Upon discovering that In Secret is based on the 1867 classic novel Thérèse Raquin by Émile Zola, the whole of director Charlie Stratton’s work is given greater context. The story of Thérèse Raquin has been adapted numerous times into films over the past 80+ years, with some choosing to modernize the story (1953’s The Adultress), but by all accounts Stratton chooses to remain entirely faithful to the original novel. As a result, the film has a distinctly literary tone with all the trappings of an erotic thriller that is slightly past its due date.
Thérèse (Elizabeth Olsen) is just a young girl when she loses her mother and is left at her aunt’s doorstep by her father. Her aunt, Madame Raquin (Jessica Lange), is none to pleased to see her at first, but she quickly warms up to her once she realizes she has a fit caretaker for her sickly son Camille (Tom Felton). Devoted to her cousin’s welfare, Thérèse has little life to call her own, and is married to Camille as the family moves to Paris for his work. Thérèse’s life in Paris is a dreary drudge of assisting her aunt in her seamstress shop, taking care of Camille, and sitting in the corner each Thursday when friends come over for domino night. Until she is introduced to Camille’s childhood friend Laurent (Oscar Isaac), and the two strike up a torrid love affair that soon devolves into a successful murder plot against Camille and a quick unraveling of the passion that once consumed them.
To say there is a moral to this story is an understatement, even by 1867 standards of morality. And perhaps that’s why the overall film is so underwhelming. Not only has this story been told hundreds of times, but even in today’s world of reprocessed Hollywood adaptations, it feels antiquated. There’s nothing classic to this particular story that makes it a standout among the countless others of its ilk. Which is a shame because the overall aesthetic of the film is actually quite creepy and keeps you mildly interested in what’s to come. There are also some great shots from Stratton that beg further attention, but their significance would ruin some plot points and sense there is so little surprise in this tired tale, I won’t divulge them here. What I will say is that Camille’s reach beyond the grave is handled rather well by Stratton, as both Thérèse and Laurent succumb to their own paranoia and villainy.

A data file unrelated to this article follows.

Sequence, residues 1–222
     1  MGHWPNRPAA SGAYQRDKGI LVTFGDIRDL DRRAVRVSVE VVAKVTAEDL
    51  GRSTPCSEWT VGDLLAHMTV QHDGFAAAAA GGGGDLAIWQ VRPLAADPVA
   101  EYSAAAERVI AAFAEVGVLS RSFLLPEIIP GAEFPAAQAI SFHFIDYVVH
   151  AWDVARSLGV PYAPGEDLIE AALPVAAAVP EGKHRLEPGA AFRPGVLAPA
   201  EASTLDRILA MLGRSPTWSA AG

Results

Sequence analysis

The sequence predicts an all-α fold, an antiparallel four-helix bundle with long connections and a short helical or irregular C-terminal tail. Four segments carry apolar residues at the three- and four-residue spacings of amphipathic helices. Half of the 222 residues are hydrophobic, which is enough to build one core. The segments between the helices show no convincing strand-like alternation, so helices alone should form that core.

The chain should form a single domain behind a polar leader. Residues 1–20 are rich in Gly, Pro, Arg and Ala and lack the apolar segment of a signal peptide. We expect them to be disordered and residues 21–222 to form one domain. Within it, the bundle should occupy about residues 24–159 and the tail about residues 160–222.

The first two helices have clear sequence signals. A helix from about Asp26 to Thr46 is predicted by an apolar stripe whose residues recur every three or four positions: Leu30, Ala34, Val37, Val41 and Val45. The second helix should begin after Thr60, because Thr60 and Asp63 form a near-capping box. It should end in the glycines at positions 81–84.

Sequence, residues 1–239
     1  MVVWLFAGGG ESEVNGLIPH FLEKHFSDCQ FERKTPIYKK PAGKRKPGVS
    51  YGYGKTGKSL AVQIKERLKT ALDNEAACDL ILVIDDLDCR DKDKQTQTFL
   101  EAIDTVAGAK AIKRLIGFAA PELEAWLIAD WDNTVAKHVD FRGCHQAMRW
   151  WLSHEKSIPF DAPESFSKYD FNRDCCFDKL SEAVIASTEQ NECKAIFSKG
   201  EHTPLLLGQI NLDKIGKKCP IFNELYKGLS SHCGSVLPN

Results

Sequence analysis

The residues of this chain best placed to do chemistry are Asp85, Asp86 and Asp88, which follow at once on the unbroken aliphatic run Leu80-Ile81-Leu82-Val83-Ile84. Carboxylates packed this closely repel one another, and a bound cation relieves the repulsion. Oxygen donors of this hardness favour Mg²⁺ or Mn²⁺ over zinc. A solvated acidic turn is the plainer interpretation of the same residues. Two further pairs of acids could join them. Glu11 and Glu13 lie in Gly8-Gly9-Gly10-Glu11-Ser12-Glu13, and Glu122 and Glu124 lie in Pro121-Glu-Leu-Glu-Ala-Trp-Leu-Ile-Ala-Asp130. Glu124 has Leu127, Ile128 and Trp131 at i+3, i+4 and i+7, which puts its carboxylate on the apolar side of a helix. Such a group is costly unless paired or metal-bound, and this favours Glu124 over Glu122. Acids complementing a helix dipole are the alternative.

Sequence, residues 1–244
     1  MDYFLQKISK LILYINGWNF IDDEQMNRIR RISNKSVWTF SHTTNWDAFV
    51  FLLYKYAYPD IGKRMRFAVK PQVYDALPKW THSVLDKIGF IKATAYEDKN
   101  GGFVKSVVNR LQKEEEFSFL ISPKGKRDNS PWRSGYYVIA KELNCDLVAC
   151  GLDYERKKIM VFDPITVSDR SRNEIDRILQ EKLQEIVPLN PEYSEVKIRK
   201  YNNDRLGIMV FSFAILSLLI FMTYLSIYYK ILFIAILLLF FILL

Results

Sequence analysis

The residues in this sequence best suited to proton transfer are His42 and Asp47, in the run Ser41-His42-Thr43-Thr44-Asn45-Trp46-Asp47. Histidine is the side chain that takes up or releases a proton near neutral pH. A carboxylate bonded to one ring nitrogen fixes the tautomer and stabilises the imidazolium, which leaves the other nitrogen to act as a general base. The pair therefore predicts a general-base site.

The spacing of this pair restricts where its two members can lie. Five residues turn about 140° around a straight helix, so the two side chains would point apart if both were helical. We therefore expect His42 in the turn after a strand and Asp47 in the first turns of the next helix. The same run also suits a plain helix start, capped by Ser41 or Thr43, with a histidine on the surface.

The performances are also well done enough to make you care that the overall film wasn’t more memorable. Elizabeth Olsen continues to keep me interested in what else she has in store, a journey that began with Martha Marcy May Marlene and continues to expand to other roles such as her upcoming interpretation as Scarlet Witch. Oscar Isaac is also good in a role that is similar to his work in Inside Lleywn Davis but nuanced enough to add to his repertoire.
Despite the tired tale, the pace of In Secret bolstered by focus and allowed me to at least enjoy the work of Elizabeth Olsen and Charlie Stratton. Both succeed in bringing the very literary aesthetic to the screen, but in doing so, the story sacrifices a lasting connection to the modern day zeitgeist.
In Secret opens today in Philly area theaters.